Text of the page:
Finding more flow sounds like I’m telling you to roll out a yoga mat or hit the dance floor and start to “flow”. And while those are two ways that people can find flow, that’s not actually what I mean when I say “flow”.
Have you ever been doing something you enjoy and you were so immersed in whatever it is that time seemed to just disappear?
This happens to me when I read, I can get so absorbed that the next thing I know it’s 2 am. Again.
That is flow.
Finding more flow
If you prefer to listen you can hit play below to listen to the podcast, or you can keep reading to get the cliff’s notes version!
What is FLOW?
Mihaly Csikszentmihalyi who is one of the forefathers of positive psychology is best known for his work on flow. Flow occurs when you lose track of time and are totally absorbed in the moment and what you are engaged in doing.
Csikszentmihalyi defines it as,
“the state in which peple are so involved in an activity that nothingelse seems to matter; the experience itself is so enjoyable that people will do it even at great cost, for the sheer sake of doing it”
That evokes images of someone in a burning building sitting at a poker table saying, “just one more hand!” which is quite extreme but I guess as with anything, flow can be taken to extremes.
But for most of us, flow activities are things that we enjoy, but do in moderation. Or for many of us, things that we’d like to do more of but they get pushed to the backburner of life in favour of more “important” activities.
“In the Zone” versus “Zoning Out”
Another way to describe flow is by saying someone is “in the zone”. I think it’s important to differentiate between being in the zone and zoning out. Many people say that they love a certain activity (running comes to mind) because they just zone out and let their bodies do the thing while their mind is somewhere else completely.
Zoning out can be an important stress buster too, but it’s the opposite of being in the zone. When you are in the zone our in flow, you are completely absorbed in the activity, while zoning out is more about turning your brain off and not paying attention to the activity.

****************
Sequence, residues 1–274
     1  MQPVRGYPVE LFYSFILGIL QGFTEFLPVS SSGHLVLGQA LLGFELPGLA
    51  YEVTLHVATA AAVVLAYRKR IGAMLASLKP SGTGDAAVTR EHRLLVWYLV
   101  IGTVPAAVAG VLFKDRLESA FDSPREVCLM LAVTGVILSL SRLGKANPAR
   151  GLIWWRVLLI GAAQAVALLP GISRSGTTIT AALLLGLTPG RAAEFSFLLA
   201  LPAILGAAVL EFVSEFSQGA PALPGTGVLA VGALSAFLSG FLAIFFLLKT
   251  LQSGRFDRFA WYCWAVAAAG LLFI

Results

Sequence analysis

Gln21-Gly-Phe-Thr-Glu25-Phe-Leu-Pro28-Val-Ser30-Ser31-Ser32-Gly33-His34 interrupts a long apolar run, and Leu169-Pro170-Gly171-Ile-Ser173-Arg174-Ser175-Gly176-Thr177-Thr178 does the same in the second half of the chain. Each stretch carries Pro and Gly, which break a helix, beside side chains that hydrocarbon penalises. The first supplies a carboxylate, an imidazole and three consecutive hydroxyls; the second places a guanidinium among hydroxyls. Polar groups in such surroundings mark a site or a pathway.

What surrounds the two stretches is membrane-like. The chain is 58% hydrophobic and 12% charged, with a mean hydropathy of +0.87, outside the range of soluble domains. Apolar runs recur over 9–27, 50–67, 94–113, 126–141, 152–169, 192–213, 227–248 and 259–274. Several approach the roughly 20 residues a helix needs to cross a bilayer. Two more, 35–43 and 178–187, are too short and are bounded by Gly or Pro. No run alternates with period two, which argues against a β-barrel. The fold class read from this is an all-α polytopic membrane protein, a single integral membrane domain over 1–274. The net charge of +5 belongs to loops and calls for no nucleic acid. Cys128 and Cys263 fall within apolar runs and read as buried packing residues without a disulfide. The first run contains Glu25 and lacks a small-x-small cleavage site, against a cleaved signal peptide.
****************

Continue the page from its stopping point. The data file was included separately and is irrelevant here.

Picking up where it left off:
Both are valid, but only one is flow.
Hopefully, you’ve been able to think of an activity that allows you to experience flow, but that doesn’t mean each time you do that activity you are getting into a flow state.
To achieve flow, there has to be a balance between challenge and skill.
When you are new to an activity, it is harder to get into flow because you are building your skill level. If you are naturally inclined for an activity, you will be able to find flow faster, but most of us have to go through a learning curve before we find flow. But if the challenge is lower, we can still find flow with a lower skillset.
In the above chart, you can see that flow happens more readily when you have higher skills and are taking on a higher challenge. One example I use in the podcast above is Zumba Toning. I love Zumba TOning and find it gets me into a flow state, even when teaching because the challenge is greater. As an instructor not only do I have to verbal cue the routines while teaching them, but my arms are often doing one move while my legs are doing something else. It takes coordination and as soon as I let my mind wander (or zone out) I lose my spot in the song and mess up the routine for my class.
Many participants find that Zumba Toning is a flow activity too for many of the same reasons. They have to pay attention to make sure they know what their hands and feet are doing. Because Zumba Toning combines dance and strength training, it’s not as simple as showing up and dancing or doing muscular conditioning.
Skill and the challenge are higher – – hello flow.
Flow is all about the experience
One more thing you should know about flow, it is experience-driven, not results-driven. So while having a higher challenge and higher skill often come together for a specific result (winning the game if you are playing a video game), that isn’t the end goal. The goal isn’t to finish. People don’t buy a video game to finish it. They buy a video game for the experience they get on the journey to finishing it.
They buy the experience, not the result.
Zumba Toning is a great workout, but that’s not why more people like it. They like it because it’s an experience.
Finishing a book isn’t what makes me pick up books, it’s the experience of enjoying the book.
I’m going to finish this post with another quote from Csikszentmihalyi:
“If we can live in a mindful state, engaged in the present moment, and fully absorbed in what we are doing, we can experience inner harmony, giving our lives meaning. This is not an easy task to succeed at for extended periods of time. COntinued practice and redirection of the mind as well as goals that we are commited to working toward can help us to achieve flow on a more frequent basis.”